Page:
Business leaders, global experts convene in effort to move livestock production to climate-neutrality


Science-based solutions explored, focus areas identified during landmark dialogue on how to balance nourishing the world while curbing climate impact. 

Global leaders from one of the world’s largest industries converged in September at the Sustainable Solutions for Zero Hunger by 2030: A Vision for Animal Agriculture Forum to explore solutions to combat climate change while keeping the world nourished. Held ahead of the United Nation’s Food Systems Summit, more than 600 global business leaders, policymakers and key opinion leaders from a dozen countries convened to accelerate existing efforts moving livestock production toward climate-neutrality.

The issues: hunger and climate change

The day highlighted the urgent, time-sensitive issues of hunger and climate change. According to the United Nations, the world has just nine years left to curb emissions or see irreversible damage to the planet. Meanwhile, a full 30% of the world’s population lacked year-round access to adequate nutrition in 2020, leading to problems ranging from hunger to obesity to malnutrition. Right now, an estimated 811 million people globally face hunger and the world’s population is estimated to grow by an additional two billion in the coming decades, increasing protein demand even more. That demand must be met in an environmentally sensitive way to avoid additional strain on the environment. The recent Intergovernmental Panel on Climate Change (IPCC) Report detailed a grim future if greenhouse gases remain unchecked for another few years.

“This is a level of urgency we haven’t faced before, and it’s a level of urgency that intersects social, economic and environmental challenges,” said Jeff Simmons, president and CEO at Elanco. “We’re seeing the interconnection between calories and climate, and how meat, milk, fish and eggs play an absolutely critical role to achieve zero hunger and climate neutrality. Constituents from across the globe gathered to discuss potential ways to collaborate and catalyze change, making this the decade of opportunity for animal agriculture, as we aim to both feed the world and cool the climate.”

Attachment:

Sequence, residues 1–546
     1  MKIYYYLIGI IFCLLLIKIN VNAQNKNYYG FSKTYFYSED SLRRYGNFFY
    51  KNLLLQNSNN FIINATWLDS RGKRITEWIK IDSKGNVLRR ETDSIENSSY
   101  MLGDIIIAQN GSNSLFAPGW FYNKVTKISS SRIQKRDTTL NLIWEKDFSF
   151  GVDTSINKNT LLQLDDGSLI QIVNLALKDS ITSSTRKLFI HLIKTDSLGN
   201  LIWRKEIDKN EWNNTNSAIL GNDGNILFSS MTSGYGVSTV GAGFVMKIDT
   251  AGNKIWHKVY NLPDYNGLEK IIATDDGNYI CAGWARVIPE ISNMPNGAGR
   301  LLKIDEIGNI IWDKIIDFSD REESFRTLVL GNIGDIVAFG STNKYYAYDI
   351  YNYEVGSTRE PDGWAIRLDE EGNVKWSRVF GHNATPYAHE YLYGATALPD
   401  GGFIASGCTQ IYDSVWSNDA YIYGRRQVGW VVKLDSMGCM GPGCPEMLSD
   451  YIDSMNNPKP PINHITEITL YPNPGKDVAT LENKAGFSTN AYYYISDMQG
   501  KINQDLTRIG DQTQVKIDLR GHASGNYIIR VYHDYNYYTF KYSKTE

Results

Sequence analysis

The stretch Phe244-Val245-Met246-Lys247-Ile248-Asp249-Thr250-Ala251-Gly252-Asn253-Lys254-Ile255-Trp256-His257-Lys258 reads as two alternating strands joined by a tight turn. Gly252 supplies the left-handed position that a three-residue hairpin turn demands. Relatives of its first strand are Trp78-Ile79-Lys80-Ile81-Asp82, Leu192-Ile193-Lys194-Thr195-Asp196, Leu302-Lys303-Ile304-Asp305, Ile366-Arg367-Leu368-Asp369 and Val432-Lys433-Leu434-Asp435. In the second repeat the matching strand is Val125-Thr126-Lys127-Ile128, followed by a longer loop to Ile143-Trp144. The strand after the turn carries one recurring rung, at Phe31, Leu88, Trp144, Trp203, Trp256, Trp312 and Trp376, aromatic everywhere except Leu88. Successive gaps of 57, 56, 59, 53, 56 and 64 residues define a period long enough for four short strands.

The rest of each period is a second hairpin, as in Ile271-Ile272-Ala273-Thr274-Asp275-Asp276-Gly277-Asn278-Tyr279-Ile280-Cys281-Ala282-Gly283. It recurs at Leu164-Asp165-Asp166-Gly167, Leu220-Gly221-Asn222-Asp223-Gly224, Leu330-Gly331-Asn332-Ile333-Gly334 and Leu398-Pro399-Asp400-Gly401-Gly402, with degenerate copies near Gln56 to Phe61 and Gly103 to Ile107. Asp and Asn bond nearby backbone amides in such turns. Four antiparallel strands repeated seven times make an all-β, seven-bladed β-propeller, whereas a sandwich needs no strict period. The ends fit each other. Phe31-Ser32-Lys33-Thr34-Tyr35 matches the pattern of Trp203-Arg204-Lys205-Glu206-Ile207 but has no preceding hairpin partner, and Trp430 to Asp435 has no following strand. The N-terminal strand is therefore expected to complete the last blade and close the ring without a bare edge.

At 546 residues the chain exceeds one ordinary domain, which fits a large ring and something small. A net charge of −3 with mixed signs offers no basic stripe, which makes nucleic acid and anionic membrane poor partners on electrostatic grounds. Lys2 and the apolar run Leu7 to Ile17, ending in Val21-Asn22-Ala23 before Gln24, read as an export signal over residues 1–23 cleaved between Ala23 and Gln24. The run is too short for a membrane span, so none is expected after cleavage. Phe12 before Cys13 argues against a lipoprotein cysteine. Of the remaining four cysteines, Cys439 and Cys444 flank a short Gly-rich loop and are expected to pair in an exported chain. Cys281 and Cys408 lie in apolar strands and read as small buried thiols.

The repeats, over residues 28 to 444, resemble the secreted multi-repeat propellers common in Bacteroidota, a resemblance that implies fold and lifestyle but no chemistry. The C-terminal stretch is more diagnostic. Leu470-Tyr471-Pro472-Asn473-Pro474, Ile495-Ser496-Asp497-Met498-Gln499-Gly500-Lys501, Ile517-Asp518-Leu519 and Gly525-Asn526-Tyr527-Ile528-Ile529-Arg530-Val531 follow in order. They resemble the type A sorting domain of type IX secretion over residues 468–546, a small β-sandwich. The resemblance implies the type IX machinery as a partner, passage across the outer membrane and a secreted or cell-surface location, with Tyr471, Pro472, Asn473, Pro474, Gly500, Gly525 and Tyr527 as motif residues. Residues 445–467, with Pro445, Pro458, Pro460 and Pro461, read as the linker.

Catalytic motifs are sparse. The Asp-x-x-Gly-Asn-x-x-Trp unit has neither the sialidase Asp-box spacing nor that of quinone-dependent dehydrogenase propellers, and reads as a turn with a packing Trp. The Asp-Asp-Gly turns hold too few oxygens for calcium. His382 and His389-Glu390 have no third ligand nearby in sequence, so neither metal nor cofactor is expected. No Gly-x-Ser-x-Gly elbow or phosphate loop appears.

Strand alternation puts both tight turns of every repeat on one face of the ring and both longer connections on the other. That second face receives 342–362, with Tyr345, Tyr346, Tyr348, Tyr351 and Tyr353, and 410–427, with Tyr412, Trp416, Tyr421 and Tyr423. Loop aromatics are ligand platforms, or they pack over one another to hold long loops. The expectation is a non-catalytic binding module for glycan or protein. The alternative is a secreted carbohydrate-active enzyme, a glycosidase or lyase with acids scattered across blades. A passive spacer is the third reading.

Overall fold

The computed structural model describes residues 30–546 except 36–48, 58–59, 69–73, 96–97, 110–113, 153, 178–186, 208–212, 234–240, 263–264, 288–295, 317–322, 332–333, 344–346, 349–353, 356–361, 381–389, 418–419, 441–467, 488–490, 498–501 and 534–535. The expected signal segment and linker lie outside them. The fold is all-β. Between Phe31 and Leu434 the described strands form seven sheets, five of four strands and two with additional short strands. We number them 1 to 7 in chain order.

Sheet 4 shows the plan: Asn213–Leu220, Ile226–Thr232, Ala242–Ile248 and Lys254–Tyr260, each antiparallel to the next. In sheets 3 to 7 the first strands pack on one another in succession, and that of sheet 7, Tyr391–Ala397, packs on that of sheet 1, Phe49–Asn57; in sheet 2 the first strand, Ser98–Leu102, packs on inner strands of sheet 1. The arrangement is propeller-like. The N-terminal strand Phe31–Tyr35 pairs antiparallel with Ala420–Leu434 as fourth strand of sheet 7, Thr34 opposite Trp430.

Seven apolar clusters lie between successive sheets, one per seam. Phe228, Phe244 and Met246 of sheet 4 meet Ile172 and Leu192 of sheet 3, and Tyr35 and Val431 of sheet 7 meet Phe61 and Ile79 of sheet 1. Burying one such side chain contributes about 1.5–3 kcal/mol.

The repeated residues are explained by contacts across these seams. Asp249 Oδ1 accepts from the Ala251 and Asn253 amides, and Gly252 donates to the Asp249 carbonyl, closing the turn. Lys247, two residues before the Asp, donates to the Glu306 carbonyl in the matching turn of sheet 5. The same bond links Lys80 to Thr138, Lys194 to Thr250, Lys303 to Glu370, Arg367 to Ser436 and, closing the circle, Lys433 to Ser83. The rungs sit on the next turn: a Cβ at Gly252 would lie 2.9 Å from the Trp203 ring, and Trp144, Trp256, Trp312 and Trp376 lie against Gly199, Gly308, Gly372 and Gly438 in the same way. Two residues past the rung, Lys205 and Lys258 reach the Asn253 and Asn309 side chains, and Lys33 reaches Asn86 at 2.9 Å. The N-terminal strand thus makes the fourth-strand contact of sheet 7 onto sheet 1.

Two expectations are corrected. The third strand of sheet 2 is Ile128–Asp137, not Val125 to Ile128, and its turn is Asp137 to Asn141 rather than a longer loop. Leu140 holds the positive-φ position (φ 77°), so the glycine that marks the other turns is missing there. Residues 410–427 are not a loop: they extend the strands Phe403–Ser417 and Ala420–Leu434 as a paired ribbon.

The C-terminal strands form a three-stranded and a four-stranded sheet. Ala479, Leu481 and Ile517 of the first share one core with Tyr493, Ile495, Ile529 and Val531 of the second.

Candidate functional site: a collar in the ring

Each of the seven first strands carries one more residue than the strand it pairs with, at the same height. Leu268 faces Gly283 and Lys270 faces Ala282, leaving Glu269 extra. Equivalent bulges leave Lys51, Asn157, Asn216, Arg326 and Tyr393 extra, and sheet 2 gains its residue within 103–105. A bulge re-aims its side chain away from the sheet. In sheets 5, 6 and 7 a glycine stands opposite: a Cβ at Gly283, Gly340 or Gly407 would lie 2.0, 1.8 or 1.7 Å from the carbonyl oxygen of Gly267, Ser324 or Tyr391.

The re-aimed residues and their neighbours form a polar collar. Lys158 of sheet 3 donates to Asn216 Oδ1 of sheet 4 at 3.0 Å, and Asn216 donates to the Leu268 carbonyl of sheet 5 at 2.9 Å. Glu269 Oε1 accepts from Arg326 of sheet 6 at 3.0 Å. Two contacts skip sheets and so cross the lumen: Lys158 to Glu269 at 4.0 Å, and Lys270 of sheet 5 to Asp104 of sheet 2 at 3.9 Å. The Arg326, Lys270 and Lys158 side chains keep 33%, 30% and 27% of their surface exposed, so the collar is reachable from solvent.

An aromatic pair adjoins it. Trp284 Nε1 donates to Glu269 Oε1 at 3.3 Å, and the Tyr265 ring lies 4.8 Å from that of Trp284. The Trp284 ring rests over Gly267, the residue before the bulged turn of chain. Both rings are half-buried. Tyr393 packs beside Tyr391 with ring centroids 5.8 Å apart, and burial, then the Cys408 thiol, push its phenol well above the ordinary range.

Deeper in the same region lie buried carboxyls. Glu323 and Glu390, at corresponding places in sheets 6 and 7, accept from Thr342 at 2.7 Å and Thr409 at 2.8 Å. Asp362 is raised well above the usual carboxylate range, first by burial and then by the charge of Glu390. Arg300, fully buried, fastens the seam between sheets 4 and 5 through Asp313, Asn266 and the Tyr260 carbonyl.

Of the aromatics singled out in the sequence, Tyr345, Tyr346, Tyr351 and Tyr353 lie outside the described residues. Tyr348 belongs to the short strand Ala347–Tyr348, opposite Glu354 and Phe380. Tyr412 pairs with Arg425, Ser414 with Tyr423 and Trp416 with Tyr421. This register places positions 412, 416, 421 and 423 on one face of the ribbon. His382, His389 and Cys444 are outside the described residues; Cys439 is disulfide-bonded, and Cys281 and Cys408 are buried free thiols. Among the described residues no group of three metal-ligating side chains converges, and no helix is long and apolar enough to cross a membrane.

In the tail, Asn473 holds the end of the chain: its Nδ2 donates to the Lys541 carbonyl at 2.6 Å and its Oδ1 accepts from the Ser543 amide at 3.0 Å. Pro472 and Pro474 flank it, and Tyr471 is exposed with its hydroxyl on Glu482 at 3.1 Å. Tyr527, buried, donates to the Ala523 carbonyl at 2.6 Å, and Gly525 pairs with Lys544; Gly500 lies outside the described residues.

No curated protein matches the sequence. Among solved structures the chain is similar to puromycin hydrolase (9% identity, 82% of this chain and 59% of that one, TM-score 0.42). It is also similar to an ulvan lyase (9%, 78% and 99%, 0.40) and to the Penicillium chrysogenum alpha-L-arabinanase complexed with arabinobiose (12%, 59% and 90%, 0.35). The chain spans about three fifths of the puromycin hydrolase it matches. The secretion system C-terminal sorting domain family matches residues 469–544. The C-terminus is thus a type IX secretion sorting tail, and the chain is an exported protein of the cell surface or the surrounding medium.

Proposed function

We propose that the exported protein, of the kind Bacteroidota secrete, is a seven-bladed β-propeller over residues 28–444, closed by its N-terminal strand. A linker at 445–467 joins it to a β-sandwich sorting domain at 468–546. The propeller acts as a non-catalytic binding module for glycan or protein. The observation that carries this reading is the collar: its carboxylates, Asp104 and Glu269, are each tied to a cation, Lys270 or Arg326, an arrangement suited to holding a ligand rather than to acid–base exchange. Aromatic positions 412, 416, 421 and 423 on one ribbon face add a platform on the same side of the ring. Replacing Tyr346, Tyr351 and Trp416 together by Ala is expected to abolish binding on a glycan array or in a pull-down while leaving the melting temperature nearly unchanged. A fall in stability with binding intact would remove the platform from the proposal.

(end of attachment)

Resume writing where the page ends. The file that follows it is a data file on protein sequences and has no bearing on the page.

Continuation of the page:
Participation from key government officials rounded out the day’s discussion. “I understand the role and place of animal protein,” said Dr. Agnes Kalibata, UN Secretary-General’s Special Envoy to the 2021 Food Systems Summit. “The UN Food Systems Summit next week recognizes that we need to come through on our Sustainable Development Goals, and this industry has the ability to do that. Animals may be part of the problem, but there are also ways that they can be part of the solution.” 

The opportunity

The livestock producers are the only industry segment that sits at the center of both climate and calories. Animal protein – meat, milk, fish and eggs – represents 18% of the calories consumed globally, and 40% of protein intake. With decisive action, animals can be a critical, fast-moving solution to positively impact global climate warming through the reduction of methane. Both methane and carbon dioxide (CO2) are greenhouse gases contributing to the rapid pace of global warming. CO2 stays in the atmosphere for upwards of 1,000 years while methane remains for roughly 12 years. By significantly reducing methane emissions by just a third, achieving climate-neutral meat and milk, the overall rate of warming can slow, providing valuable time to address the more complex, long-term impacts of CO2.

For more on the event visit: